After 20 minutes, turn your oven on to gas 7.

Turn the dough on to a baking sheet (I tend to line mine with a sheet of baking parchment) and bake at gas 7 for 20 minutes, then turn down to gas 6 and continue to bake for another 35/40 minutes.

Remove and stand on a cooling rack, allow to fully cool before eating. (very good with salty butter)

 

 

 

 

 

 

tin of embroidery silks

 

The sewing gods were shining down on me this week, I found these gorgeous vintage embroidery silks for just a couple of pounds in a local antiquey shop hidden under a pile of really nasty polyester fabric  (the pretty tin was a car booty treasure that I had been using as a button tin but these silks fit in perfectly).

 

embroidery floss and patchwork

 

Lots of soft mushroomy browns and mustards, intense reds (I used to wear a lipstick that smelt of roses in this exact same red, it was totally glamorous) delicate blues and the most vintagey greens….I’ve been using them on some patchwork I’ve sewn together ready to make into needle-cases.

I’ve been embroidering tiny wee flowers with green leafy sprigs, trying to recapture some of those warm afternoons of the summer when I was going for walks over the marshes.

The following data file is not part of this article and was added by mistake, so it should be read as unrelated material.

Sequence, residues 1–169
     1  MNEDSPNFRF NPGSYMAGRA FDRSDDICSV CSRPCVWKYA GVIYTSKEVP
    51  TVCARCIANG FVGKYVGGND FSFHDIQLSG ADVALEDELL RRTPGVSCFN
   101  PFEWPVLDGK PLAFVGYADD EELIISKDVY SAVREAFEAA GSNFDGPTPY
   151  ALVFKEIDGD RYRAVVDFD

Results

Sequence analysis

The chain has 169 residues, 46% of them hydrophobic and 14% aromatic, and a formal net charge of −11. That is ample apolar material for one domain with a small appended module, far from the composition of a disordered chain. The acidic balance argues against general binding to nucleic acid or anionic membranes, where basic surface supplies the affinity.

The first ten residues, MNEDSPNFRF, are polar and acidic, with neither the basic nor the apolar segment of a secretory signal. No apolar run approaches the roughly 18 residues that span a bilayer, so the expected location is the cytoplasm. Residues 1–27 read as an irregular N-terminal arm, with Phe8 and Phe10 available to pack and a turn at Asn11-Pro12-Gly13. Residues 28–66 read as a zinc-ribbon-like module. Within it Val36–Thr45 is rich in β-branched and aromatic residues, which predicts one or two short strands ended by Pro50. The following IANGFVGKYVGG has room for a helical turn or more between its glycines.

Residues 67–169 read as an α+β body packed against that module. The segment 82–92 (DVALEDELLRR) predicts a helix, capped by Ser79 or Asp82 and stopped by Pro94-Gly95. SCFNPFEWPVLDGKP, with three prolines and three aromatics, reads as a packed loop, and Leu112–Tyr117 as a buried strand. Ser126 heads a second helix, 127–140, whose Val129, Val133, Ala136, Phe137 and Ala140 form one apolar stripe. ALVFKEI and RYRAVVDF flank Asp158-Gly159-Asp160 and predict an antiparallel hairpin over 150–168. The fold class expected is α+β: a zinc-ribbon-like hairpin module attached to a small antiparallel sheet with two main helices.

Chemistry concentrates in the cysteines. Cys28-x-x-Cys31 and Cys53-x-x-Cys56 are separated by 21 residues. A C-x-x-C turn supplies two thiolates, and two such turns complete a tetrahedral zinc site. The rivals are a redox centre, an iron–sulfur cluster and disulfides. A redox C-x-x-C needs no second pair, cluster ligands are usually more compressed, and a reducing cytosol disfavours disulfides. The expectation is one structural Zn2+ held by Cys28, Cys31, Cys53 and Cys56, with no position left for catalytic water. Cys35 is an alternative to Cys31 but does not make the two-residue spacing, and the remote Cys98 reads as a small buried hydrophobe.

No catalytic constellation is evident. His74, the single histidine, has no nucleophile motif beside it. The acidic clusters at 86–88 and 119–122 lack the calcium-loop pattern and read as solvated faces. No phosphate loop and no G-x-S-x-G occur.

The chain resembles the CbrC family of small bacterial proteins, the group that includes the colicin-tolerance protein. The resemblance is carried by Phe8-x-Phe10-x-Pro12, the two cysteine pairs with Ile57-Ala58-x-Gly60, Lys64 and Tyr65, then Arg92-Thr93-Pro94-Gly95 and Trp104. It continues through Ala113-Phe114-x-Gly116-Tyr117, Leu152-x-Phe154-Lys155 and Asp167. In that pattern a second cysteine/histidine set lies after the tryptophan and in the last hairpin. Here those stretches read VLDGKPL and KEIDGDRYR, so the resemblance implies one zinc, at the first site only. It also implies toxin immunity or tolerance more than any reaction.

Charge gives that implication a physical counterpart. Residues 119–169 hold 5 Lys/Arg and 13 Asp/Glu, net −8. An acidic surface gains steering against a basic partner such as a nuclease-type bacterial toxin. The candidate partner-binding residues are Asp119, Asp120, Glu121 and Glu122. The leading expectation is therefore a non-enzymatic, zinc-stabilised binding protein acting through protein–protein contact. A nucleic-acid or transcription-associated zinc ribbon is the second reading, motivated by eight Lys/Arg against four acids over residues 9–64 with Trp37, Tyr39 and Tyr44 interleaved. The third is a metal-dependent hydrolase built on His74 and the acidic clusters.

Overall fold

needlecase and pin cushion

 

Some of the pieces of fabric in the patchwork you may remember from when I was piecing the blocks for dear ethel….the faded pink piece with the floral print is one of my all time favourite fabrics, this was just a small scrap so it was nice to use up.

The hexagon piece to the right is a top for a pin cushion.  And my slumicky ways are on show, in the background is a piece of blanket fabric I’ve been using as a needle-case with threads all attached…normally I store my needles much more carefully but I’ve got a fair few on the go at the moment.  It’s not very pretty but is at least keeping the needles all in one place (I’m so particular that as a rule I have a separate case for each type of needle, straights, quilting, embroidery, tapestry…..it’s a bit of an excuse to hoard old needle-cases if I’m honest)